Perspective: Side view
Visual: 2D scrolling
Gameplay: Arcade, Platform, Shooter
Setting: Sci-fi / futuristic
Published by: GT Interactive Software Corp.
Developed by: Torus Games Pty.
Platforms: Game Boy Color (GBC), DOS
After defeating Dr. Proton, Duke Nukem bathes in glory, gives endless interviews and owns his own line of souvenirs. During one of these interviews, he is abducted by aliens of the Rigelatins race, they want to use Duke's brain to organize an attack on Earth. However, he manages to escape and begin his struggle for the liberation of the Earth from aliens.
The gameplay has changed little relative to the first game of the series. Similarly, the player examines the level, shoots at different objects, collects objects (some of them will be needed in the future) and looks for a way out of the level. Depending on whether a special condition is fulfilled or not, at the end of the level a bonus may be provided, of which there are only seven. At the end of every eighth level there is a fight with the boss. If in the first game Dr. Proton acted just like any other enemy, then in Duke Nukem II the bosses had their own patterns of behavior, however, despite this, they are not serious obstacles. An innovation in the gameplay is the need to destroy Duke tracking satellites, without destroying which Duke cannot complete level. New types of weapons were added to the game, and the parameters of the old one were changed. However, the ability to switch to the previous weapon is not provided, because of which it is impossible to save the charges of more powerful weapons. Also, Duke is now able to move crawling, shoot up, use stairs. The gameplay as a whole is slightly faster than in the previous game. The game also presents a choice of three difficulty levels.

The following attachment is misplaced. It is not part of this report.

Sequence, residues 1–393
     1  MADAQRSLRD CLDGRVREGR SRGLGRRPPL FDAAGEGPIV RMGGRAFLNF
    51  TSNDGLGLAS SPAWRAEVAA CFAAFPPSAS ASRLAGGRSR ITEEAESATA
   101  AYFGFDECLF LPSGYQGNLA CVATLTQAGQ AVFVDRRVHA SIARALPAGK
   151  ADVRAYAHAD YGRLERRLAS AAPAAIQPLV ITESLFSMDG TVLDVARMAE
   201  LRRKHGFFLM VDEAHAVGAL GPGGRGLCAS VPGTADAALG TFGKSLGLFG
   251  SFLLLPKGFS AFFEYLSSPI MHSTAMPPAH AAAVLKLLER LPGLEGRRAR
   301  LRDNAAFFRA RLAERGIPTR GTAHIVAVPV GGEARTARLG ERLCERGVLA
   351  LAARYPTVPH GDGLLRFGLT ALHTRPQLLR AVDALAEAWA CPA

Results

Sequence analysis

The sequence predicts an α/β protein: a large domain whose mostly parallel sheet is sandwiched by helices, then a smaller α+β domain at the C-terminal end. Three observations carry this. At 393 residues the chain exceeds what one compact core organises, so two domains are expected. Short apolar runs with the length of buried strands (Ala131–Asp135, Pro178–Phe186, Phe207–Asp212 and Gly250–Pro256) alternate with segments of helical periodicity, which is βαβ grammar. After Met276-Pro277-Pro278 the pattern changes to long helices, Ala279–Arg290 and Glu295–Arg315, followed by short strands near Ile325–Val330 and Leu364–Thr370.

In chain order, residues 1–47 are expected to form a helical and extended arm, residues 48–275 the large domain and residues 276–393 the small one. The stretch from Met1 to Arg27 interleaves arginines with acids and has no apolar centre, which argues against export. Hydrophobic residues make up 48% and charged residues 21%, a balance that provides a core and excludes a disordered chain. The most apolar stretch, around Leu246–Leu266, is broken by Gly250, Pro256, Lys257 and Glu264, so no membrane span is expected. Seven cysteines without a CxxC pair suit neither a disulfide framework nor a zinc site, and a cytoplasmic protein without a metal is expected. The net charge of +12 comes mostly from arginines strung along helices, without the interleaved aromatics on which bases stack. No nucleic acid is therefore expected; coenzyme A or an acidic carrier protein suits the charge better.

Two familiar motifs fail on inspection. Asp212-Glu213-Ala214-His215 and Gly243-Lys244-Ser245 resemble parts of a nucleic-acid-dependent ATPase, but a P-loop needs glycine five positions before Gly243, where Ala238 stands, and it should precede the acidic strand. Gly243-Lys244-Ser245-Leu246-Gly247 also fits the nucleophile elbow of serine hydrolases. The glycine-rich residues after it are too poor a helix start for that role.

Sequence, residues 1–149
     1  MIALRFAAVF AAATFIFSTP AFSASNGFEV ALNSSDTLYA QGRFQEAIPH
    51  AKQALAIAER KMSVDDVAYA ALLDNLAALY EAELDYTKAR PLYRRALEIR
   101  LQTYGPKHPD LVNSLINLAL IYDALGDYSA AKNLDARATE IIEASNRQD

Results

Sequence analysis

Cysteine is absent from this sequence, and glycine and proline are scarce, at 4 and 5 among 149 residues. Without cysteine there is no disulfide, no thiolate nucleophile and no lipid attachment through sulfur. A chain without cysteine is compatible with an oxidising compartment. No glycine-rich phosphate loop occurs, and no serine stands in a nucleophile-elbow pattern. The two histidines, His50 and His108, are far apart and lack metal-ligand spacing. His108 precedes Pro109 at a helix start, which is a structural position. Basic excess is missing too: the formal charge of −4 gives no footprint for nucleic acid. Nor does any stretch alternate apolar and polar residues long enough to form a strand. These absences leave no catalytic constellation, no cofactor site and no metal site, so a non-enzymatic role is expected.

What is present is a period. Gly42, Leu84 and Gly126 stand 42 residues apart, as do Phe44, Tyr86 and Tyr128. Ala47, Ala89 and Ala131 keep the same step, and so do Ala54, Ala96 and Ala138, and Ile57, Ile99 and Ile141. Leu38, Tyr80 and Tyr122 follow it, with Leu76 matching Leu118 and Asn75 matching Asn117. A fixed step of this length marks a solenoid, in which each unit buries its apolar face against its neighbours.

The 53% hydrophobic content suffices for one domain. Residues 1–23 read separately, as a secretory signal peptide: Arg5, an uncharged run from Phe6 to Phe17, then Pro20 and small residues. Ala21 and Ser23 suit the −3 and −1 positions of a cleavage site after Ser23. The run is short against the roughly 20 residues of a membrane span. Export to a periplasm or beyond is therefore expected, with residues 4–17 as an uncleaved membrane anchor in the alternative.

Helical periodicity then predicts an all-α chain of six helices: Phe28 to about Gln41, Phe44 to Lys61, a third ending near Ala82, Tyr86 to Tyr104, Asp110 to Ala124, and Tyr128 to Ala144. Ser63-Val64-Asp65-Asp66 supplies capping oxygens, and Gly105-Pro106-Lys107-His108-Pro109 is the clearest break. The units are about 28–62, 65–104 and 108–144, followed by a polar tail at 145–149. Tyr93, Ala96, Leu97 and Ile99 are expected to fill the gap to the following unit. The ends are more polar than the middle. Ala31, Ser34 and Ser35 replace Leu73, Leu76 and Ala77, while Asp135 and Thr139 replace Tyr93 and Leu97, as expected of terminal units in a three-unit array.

Level design has changed. Levels in general have become a bit larger and more diverse than in the first game of the series. In one of the levels where the action takes place in the city that suffered from the earthquake, as Duke moves up the level, the ruins of the buildings collapse, freeing up the path for the hero. Also in the game there are completely original levels, for example, when Duke flies on a ship and can move freely, or when Duke breaks through enemy forces, clearing his way by shooting with a laser gun. However, the game still has levels of the type of nondescript mazes.
The graphics in the game use more colors. The variety of graphic tiles is increased, due to which the levels look more unique. However, many levels are still boring mazes that make it easy to get lost. Sprites are slightly increased, which, in the case of finding enemies of the visibility zone, can disorient. A radar has been added to the game interface to help the player in such situations, but it is useless since it does not show all the necessary information.
The image of the protagonist was also changed. Duke Nukem in this game is not yet fully consistent with his image from Duke Nukem 3D, but is already approaching it. Duke is wearing a red T-shirt, but still does not wear sunglasses. He is quite talkative in cutscenes between episodes, but his speech is not as rude as the machisms in Duke Nukem 3D.
In general, the gameplay of Duke Nukem II is not made any major innovations, the main changes relate to improvements to the original concept.